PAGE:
15. United States

The United States has been at the forefront of spaceflight for more than 60 years. It launched its first satellite (Explorer 1) into orbit in 1958 and has the world’s largest government space programme. US-registered satellites accounted for more than half of all operational satellites in 2022, and the country is home to more than a dozen launch sites. The US government policy to support commercial industry through product and service procurement, as well as a dynamic venture capital landscape, have contributed to the current growth and vitality of the US space sector.

The US institutional space budget for civilian activities amounted to USD 25.7 billion in 2022, comprising the activities of the National Aeronautics and Space Administration; the National Environmental Satellite, Data, and Information Service of the National Oceanic and Atmospheric Administration; the Landsat programme of the US Geological Survey; the Commercial Space Transportation Office in the Federal Aviation Administration; as well as activities in the Department of Energy (e.g. power systems), the Department of Agriculture (e.g. smart agriculture, forest fire management) and in the National Science Foundation. In real terms, this represents a 0.3% yearly growth since 2015 (Figure 15.1). Also in 2022, the US Space Force received USD 17.4 billion in government funding, with considerable additional classified space-related intelligence activities conducted in the National Reconnaissance Office and National Geospatial Agency, in addition to classified technology development and acquisition programmes. The overall space budget of the United States for 2022 was conservatively estimated to USD 60 billion, which represents 0.24% of gross domestic product. Key civilian exploration priorities include the Artemis programme, with the first crewed mission to the Moon since 1972 scheduled for 2024, and the deployment of a space station in lunar orbit (the “Gateway), with assembly starting no sooner than 2025. The science programme mainly comprises planetary and earth science (41% and 27% of the science portfolio, respectively), with smaller budgets allocated to astrophysics, heliophysics and the James Webb Space Telescope.

In terms of patent applications, a proxy for innovation activity and capabilities, the United States accounted for 36% of space-related applications worldwide in the period 2016-20, a notable increase by eight percentage points compared with the 2006-10 period, mainly driven by private sector applications (Figure 15.2). “Other applicants” refers to higher education institutions and private individuals.

The US is currently the only country with a thematic account for space activities, allowing it to track the space economy in robust and comparative ways with other parts of the US economy, using the statistical framework of national accounts. According to the US Bureau of Economic Analysis, the US space economy employed 360 000 workers and generated USD 211.6 billion in gross output in 2021, including government activities. Downstream information services and associated manufacturing accounted for some 40% of output. US space industry, which covers all segments from R&D to satellite data/signal exploitation and analysis (notably satellite broadband), caters both to a strong domestic government demand (including defence) and international markets. By the end of 2022, seven out of the ten biggest commercial space operators worldwide, in terms of number of satellites, were headquartered in the United States, four of which were founded after 2000 and three after 2010.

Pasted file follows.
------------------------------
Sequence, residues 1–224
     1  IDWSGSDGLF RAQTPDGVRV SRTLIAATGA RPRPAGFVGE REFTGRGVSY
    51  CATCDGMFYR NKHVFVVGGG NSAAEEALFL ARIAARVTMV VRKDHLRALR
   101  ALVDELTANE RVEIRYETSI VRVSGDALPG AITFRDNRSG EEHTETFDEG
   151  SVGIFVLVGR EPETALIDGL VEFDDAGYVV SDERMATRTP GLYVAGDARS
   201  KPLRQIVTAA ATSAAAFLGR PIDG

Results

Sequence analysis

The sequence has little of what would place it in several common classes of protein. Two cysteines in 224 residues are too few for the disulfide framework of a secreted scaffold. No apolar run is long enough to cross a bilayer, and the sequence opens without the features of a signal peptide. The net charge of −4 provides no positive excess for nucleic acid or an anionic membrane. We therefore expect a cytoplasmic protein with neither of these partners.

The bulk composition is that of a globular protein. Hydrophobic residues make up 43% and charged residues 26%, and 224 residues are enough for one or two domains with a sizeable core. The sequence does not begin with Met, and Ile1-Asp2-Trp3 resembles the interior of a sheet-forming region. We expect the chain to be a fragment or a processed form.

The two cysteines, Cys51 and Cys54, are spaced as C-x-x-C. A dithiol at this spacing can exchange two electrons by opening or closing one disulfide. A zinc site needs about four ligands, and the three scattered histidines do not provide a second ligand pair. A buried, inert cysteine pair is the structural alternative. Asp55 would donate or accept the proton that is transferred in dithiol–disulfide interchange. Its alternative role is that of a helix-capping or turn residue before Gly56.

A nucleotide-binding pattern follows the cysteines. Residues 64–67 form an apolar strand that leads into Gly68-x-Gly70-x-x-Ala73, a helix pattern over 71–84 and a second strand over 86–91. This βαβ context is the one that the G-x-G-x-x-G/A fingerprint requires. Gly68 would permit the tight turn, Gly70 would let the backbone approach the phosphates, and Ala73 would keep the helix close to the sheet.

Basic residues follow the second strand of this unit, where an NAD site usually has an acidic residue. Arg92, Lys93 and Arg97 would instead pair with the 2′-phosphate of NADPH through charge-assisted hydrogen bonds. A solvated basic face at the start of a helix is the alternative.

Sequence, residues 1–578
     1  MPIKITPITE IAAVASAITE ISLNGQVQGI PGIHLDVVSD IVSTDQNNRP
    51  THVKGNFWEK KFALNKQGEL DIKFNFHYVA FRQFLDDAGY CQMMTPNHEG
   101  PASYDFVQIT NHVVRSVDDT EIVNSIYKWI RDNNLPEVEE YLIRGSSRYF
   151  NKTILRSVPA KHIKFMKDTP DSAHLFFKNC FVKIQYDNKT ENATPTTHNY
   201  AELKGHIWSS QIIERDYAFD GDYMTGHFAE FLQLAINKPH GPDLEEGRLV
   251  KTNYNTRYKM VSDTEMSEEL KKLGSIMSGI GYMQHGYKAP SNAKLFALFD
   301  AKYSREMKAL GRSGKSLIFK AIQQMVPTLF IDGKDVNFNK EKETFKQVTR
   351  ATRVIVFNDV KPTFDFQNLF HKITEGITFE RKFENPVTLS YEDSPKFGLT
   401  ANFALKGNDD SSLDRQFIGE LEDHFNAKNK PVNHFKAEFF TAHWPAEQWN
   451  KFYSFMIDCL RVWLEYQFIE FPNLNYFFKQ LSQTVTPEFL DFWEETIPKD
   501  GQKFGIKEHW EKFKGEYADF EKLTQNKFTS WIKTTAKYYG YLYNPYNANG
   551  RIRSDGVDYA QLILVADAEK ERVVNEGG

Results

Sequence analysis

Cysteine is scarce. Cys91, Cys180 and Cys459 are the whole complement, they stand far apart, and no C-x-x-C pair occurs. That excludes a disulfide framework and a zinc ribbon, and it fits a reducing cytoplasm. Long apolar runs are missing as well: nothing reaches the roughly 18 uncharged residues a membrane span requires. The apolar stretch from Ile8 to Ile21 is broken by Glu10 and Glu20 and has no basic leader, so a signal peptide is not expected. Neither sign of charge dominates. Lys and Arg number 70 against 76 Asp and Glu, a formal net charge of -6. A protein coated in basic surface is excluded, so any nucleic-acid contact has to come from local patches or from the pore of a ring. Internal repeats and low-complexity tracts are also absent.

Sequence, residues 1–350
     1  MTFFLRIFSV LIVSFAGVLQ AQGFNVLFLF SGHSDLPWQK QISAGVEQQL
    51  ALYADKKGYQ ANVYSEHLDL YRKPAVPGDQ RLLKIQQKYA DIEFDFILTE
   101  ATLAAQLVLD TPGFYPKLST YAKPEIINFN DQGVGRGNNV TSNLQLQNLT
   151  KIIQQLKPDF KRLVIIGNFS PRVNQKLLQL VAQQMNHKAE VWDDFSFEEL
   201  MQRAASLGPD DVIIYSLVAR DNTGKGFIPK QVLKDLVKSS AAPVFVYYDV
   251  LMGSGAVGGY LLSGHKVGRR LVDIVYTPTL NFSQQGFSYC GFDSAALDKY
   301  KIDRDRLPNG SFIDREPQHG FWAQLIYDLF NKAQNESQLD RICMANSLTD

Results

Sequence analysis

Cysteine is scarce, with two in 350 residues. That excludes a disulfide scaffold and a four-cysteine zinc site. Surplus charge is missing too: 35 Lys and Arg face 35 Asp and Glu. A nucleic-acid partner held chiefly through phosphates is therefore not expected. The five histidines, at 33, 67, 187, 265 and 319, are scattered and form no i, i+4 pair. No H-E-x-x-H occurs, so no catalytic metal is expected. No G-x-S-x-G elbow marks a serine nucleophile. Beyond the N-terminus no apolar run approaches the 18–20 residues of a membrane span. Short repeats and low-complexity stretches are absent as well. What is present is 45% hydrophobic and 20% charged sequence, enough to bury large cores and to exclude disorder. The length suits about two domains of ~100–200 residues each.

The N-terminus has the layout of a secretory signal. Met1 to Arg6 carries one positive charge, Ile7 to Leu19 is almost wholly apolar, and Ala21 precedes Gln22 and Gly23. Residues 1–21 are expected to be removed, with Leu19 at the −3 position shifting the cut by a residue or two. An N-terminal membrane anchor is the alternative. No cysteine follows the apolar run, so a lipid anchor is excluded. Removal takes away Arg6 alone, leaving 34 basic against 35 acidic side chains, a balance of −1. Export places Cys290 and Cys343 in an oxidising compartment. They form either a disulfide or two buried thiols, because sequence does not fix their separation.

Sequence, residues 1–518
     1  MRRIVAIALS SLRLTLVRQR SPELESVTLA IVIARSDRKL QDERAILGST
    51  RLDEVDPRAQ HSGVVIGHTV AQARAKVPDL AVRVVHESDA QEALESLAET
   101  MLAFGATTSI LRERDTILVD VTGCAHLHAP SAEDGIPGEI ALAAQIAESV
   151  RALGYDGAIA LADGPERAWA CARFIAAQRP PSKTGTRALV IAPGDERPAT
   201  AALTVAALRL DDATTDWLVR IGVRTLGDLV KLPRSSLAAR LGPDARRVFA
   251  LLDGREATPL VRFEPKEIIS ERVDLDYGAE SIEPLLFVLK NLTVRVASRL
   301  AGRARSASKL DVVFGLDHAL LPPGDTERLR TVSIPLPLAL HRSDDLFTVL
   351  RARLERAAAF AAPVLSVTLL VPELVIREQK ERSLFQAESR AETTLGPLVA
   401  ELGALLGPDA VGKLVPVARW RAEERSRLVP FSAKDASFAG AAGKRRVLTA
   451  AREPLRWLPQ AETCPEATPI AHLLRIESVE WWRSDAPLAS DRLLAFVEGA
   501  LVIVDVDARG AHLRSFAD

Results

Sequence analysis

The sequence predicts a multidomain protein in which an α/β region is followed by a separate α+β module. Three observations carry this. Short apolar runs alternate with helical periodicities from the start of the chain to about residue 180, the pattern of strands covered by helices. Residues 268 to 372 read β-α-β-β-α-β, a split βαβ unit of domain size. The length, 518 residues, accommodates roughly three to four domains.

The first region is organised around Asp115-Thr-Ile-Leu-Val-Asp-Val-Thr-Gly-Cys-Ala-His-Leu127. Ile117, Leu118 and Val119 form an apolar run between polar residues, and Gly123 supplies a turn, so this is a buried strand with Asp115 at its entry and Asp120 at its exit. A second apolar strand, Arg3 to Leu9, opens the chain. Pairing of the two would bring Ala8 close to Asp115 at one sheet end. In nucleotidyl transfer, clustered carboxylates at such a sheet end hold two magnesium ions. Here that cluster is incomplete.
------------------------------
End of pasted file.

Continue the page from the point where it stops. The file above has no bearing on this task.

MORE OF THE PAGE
Based on data in the OECD Development Assistance Committee Creditor Reporting System database, the United States committed some 75 million constant US dollars in space-related official development assistance over the 2002-21 period, (Figure 15.3), mainly to protect biodiversity and support environmental policy (general environment protection) and promote agricultural policy and forestry education/training (agriculture, forestry, fishing). The main recipient regions were sub-Saharan Africa and Far East Asia. A considerable share of the assistance was not tied to a specific region. Many projects were part of the SERVIR programme, which is a joint initiative of the National Aeronautics and Space Administration and the United States Agency for International Development and partner organisations, launched in 2004. SERVIR uses earth observation information, earth science and technology to increase awareness, improve access to information and support analysis in more than 50 countries.

OECD indicators for scientific output and excellence (Table 15.2), OECD indicators for scientific production, international co-authorships and citations in space-related scientific journal categories (aerospace engineering; astronomy; atmospheric science; and space and planetary science), show that authors at US-affiliated institutions performed above OECD average in 2021 for citations and outputs across all journal categories, except in atmospheric science. International co-authorships were less frequent in the United States than the OECD average in 2021.


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